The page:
By Peter Brownell / Medium
A year ago, my grandfather, Chuck Johnstone, passed away after spending most of his 93 years in Alaska. He was quintessentially Alaskan, doing the hard jobs that needed doing: he dropped out of high school to work in a gold mine. He served in the Navy during WWII. He served as dogcatcher, police chief, and deputy US Marshal. He worked as a logger and in a pulp mill. He worked in construction. He was the captain of a pilot boat.
He (and my grandmother Alice) also made it their lives’ work to protect some of Alaska’s most beautiful and ecologically significant places. They lived in Sitka, a small coastal fishing town nestled in the heart of the Tongass National Forest, a 17 million acre tract of public land that is home to ancient spruce, cedar, and hemlock trees, brown bears, humpback whales, bald eagles, and all five species of Pacific wild salmon.
Although it was not always a popular position to take in a small town where the pulp mill was the largest employer, my grandparents were founding members of the Sitka Conservation Society (SCS). Together with friends and neighbors, they persuaded Congress to designate the West Chichagof-Yakobi Wilderness Area within the Tongass National Forest, protecting that area of the region’s unique temperate rainforest from logging, and preserving spawning streams that serve as nurseries for the wild salmon that are the basis of Alaska’s multi-billion dollar commercial and sport fishing industries. In 2010, my grandparents accepted the US Forest Service’s Bob Marshall Award for Champions of Wilderness on behalf of SCS.
Chuck understood in his gut that in order for people to want to conserve Alaska’s wilderness, they need to experience it firsthand. Chuck made that happen. He led charters on his boat, the Fairweather, that transformed people’s lives by bringing them into what is now the West Chichagof-Yakobi Wilderness Area.
I can testify to that transformational experience, as my own life was shaped by a trip I took with my grandparents along the coast of West Chichagof to Glacier Bay when I was about three. I remember picking wild strawberries and making ice cream with glacier ice. I remember how when we stopped to fish in Sea Level Slough, I lost the salmon my grandpa hooked for me. And I remember that pretty much every time the boat stopped after that, I rushed to drop a hook baited with fresh salmon eggs off the stern, hoping to repeat that experience of having a fish on the other end of the line. Now, just as the salmon return to the streams of their ancestors, every summer I am pulled back to Alaska to enjoy the area’s unmatched fishing and to see my family.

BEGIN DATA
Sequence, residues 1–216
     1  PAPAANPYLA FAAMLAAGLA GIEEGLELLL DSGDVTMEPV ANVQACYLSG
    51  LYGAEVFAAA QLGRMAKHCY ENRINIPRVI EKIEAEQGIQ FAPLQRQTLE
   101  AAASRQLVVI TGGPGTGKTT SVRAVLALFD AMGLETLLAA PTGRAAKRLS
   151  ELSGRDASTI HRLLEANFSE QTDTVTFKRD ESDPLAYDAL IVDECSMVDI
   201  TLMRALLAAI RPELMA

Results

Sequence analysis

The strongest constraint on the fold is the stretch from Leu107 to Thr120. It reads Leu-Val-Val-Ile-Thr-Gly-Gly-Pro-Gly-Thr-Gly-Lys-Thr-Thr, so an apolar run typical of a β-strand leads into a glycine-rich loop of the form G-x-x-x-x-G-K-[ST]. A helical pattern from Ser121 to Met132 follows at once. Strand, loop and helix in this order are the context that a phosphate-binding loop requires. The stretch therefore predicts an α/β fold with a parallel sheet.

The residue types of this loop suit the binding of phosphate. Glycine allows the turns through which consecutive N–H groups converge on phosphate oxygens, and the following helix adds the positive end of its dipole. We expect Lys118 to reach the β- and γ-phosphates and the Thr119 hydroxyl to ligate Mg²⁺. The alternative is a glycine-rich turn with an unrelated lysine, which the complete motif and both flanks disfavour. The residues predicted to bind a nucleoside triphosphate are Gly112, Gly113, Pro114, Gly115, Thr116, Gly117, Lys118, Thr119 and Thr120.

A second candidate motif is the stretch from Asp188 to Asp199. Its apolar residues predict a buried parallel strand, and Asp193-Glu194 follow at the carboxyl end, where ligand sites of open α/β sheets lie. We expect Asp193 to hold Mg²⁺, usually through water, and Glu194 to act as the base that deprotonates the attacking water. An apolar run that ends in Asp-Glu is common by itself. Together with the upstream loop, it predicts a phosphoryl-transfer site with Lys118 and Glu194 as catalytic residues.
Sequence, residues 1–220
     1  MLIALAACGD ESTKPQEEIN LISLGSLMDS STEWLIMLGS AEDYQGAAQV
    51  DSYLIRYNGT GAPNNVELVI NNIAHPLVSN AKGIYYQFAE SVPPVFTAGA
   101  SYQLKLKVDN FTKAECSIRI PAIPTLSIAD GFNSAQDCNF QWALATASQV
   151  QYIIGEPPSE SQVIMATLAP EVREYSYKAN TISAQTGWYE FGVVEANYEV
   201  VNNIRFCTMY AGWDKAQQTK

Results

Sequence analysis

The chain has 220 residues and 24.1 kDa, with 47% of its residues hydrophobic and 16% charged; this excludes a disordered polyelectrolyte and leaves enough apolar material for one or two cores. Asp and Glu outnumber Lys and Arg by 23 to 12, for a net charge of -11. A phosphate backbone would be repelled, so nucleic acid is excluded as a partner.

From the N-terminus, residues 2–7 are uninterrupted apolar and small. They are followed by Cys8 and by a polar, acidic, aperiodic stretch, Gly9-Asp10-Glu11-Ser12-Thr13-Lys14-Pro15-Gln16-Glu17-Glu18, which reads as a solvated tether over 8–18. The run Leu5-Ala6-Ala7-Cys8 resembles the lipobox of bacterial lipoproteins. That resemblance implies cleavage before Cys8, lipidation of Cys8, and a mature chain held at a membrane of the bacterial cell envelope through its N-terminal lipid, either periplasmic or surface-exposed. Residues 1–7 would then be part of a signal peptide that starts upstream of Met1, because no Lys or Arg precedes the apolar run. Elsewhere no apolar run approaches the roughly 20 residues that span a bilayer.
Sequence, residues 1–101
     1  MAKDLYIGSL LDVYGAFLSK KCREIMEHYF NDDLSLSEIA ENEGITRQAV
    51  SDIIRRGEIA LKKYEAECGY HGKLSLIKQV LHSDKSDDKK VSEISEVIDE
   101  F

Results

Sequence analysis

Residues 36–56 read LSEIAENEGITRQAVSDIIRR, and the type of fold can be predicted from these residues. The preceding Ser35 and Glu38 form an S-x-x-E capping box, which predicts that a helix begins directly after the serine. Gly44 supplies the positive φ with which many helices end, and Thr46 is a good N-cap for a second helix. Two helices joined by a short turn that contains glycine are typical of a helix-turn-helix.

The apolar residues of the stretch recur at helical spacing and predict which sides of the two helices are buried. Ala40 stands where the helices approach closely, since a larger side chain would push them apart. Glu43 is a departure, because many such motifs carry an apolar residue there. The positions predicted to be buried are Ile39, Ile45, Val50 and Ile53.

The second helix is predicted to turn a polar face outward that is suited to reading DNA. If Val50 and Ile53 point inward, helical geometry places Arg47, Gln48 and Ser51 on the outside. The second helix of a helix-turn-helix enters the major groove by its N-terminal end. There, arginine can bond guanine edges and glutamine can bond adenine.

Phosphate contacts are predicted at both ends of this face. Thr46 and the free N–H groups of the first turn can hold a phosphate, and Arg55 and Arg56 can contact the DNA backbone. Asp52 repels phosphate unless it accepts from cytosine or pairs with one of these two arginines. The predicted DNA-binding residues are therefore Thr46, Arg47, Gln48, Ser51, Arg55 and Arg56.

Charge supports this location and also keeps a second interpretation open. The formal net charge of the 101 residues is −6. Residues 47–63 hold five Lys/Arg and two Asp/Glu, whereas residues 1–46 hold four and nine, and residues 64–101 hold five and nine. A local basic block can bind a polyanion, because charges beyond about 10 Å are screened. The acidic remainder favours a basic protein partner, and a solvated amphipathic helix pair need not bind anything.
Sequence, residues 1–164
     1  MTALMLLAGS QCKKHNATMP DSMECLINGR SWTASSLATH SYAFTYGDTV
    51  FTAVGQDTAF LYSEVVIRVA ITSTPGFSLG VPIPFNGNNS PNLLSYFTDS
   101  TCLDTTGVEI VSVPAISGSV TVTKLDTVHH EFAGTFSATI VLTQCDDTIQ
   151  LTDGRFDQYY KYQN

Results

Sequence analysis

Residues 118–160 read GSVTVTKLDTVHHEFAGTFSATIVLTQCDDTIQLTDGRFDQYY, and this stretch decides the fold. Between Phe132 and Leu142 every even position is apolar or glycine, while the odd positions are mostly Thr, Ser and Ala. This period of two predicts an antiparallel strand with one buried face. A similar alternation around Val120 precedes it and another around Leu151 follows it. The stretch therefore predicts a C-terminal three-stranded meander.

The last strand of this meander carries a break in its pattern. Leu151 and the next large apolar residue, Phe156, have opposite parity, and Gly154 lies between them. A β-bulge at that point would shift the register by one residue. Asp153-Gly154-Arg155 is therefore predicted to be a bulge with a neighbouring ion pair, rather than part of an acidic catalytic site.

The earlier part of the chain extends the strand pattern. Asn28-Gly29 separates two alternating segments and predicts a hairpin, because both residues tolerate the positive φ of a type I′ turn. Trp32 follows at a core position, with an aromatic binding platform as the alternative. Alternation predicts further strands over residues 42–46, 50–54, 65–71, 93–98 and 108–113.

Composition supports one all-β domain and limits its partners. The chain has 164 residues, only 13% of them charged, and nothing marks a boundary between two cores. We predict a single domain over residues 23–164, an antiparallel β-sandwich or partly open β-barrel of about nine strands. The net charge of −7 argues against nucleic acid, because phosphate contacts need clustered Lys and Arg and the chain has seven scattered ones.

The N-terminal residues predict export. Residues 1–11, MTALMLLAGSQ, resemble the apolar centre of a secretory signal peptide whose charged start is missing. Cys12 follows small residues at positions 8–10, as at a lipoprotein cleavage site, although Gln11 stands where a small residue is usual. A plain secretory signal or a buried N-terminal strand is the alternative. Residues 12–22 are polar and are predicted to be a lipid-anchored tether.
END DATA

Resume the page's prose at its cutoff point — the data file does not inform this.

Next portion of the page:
Chuck was a pioneer in Alaska’s eco-tourism industry and the West Chichagof-Yakobi was the first citizen-initiated wilderness area in Alaska designated under the Wilderness Act. But despite that early innovation, the Tongass National Forest is literally the last National Forest that still allows the clearcut logging of old growth forests. Old growth forests are not a renewable resource. Every acre that we cut to feed the few remaining sawmills is an acre that won’t grow back to the wild grandeur of today’s majestic trees until after we are dead. Even if we live to be 93.
After years of negotiation and compromise among stakeholders, the US Forest Service adopted a “Tongass Transition Plan” to phase out this remaining old-growth logging in our national forests over the next 15 years. But the timber companies and their allies in Washington DC are doing everything they can to overturn the compromise plan and resist being brought into the current century and the responsible timber practices that are the rule in every other National Forest.
After 93 years, my grandfather is gone. He can’t lead this fight for us anymore. That’s why you and I need to pick up where he left off. Our Senators and Representatives in the House need to hear from you that the Forest Service must continue to move ahead and fully implement the Tongass Transition Plan, and finally end the clear cut logging of old growth forests on our public lands.
Peter Brownell, PhD is the Research Director at the Center on Policy Initiatives (CPI) in San Diego. Prior to joining CPI, he was an Associate Social Scientist at the RAND Corporation. Dr. Brownell originally came to San Diego as a Visiting Research Fellow at the Center for U.S.-Mexican Studies and a guest scholar at the Center for Comparative Immigration Studies, both at UC San Diego. When not at work, he fishes, gardens, hikes, kayaks and raises chickens